Sea fleas (Lat: Podonidae) belong to an order of small-bodied crustaceans also known as Cladocera in Latin. While the majority of water flea species live in fresh water, there are about eight species that live in oceans, especially in coastal areas or in seas that are relatively closed, with an abundant supply of sweet water. These small creatures are very exciting, especially as they are able to survive even the harshest of climatic or weather conditions.
Sea fleas are small, their size ranging between 0.2-6 mm. The characteristic shape features a small, downward-angled head and a body that seems unsegmented as it is covered integrally by the carapace. Under the shell, the body is segmented, with a visible division line between the abdomen and the thorax. Most species have one compound eye and one ocellus, that is, a simple eye as well. The head also has a pair of unsegmented, smaller antennae and another pair that is longer, segmented, with powerful muscles used for swimming.
The mouth of sea fleas is also small, even compared to their body size, but very complex, consisting of mandibles, maxillae, labium and labrum. The thorax of the sea flea is also compound, being divided into 5-6 haired appendages.
Reproduction and Life Cycle
The majority of sea flea species reproduce in both sexual and asexual ways. The choice of the reproduction method depends on the quality of living conditions – among favorable conditions, the preferred mode of reproduction is parthenogenesis, that is, asexual reproduction, with exclusively female off springs. Males appear only when living conditions become unfavorable. In these periods, the pairs of fleas start producing eggs that can lay dormant for years that are carried by the wind and start developing and hatching only when they reach a territory with more favorable living conditions.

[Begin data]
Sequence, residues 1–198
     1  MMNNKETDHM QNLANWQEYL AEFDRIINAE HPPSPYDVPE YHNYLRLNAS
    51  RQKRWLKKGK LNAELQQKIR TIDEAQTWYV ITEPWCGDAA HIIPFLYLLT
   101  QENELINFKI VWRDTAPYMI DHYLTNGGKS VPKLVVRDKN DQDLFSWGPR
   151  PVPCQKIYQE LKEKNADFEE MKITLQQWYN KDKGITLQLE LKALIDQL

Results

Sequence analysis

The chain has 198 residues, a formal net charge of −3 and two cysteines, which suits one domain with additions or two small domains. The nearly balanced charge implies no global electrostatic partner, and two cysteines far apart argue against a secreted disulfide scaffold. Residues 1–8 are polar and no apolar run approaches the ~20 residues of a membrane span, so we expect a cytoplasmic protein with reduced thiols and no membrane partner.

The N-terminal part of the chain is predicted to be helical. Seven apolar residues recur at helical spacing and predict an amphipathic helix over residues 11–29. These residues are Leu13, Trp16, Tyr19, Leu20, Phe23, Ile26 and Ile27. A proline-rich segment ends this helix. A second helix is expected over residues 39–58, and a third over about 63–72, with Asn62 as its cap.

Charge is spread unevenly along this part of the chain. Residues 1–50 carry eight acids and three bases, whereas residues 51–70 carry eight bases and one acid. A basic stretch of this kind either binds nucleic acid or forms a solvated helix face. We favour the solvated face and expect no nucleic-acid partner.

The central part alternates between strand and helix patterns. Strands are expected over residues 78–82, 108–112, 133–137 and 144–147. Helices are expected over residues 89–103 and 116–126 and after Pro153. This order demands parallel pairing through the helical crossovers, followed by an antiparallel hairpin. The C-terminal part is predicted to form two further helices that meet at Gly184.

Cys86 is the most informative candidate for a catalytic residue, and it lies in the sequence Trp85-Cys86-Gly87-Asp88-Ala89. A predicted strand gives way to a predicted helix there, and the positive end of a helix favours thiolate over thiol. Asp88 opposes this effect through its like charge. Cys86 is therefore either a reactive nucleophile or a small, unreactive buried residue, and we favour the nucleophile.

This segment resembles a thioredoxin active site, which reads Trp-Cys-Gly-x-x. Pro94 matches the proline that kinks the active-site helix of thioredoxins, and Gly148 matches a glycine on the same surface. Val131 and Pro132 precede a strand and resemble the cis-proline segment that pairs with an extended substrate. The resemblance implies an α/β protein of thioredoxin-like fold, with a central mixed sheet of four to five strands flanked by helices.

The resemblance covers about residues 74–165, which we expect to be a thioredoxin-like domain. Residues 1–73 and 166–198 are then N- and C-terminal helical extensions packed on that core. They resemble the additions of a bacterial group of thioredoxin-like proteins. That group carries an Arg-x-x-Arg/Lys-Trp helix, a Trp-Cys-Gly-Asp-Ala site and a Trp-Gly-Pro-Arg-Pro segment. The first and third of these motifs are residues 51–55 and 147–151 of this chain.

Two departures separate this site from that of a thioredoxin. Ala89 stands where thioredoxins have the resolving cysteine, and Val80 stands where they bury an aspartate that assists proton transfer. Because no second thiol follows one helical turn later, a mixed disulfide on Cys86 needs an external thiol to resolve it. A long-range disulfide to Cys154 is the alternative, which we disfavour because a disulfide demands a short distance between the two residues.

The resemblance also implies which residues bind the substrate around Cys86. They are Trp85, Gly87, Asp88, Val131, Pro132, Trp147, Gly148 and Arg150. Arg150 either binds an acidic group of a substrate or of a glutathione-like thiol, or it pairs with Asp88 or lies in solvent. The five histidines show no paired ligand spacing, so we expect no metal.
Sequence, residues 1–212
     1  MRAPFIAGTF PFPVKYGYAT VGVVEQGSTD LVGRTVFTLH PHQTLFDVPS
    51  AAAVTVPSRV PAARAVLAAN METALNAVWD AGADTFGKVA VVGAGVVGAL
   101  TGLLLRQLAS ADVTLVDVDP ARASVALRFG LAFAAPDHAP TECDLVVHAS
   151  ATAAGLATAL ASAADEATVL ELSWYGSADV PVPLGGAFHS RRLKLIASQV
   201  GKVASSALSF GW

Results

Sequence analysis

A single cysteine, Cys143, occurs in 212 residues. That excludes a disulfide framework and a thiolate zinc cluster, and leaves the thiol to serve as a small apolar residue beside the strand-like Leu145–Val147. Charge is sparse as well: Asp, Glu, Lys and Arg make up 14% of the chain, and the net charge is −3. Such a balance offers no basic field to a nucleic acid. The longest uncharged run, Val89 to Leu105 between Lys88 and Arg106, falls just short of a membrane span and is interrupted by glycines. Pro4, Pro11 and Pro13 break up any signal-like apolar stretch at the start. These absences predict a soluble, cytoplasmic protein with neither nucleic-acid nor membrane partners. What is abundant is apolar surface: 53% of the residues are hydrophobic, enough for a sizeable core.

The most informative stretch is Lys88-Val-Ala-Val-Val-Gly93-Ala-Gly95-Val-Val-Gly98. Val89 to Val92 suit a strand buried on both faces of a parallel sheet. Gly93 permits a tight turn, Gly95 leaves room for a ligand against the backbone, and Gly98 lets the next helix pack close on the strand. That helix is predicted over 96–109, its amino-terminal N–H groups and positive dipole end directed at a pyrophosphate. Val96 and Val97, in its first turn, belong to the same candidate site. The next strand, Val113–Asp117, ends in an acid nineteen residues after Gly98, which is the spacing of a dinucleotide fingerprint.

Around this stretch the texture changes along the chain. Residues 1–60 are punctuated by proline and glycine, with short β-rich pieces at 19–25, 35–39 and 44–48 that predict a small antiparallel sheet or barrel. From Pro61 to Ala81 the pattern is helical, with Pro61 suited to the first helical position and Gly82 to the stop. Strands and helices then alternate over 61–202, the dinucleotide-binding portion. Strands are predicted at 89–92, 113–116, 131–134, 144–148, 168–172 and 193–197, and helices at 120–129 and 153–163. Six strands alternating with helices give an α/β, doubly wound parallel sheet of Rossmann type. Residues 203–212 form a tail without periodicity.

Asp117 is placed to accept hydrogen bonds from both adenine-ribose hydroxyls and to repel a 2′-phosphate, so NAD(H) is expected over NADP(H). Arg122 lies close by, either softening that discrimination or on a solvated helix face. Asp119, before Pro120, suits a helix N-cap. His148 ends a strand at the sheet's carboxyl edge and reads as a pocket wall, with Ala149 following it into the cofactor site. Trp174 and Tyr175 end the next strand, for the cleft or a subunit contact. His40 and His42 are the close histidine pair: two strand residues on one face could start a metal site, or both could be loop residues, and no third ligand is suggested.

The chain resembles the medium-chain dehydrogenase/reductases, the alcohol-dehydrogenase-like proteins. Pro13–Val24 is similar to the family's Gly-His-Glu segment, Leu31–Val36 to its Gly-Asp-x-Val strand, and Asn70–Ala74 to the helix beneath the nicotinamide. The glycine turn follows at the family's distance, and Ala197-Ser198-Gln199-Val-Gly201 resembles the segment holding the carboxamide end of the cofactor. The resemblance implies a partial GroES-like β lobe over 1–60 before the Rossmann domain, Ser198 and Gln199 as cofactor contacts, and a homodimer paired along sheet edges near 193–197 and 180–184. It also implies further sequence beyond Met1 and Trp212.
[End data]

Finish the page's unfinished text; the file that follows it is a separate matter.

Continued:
Water fleas, including the species that live on or around the sea, are filter feeders, striving on algae and detritus of various types. Podonidae feed by making water currents with their legs, currents which bring nutrients to the animal’s digestive tract.
Even though the water fleas striving around salt water are among the smallest living beings on earth, they are also among the most populous and oldest species. There are numerous flea species that have already been catalogued, but scientists still have a long way to go until they can say the incredible world of sea fleas has been properly mapped.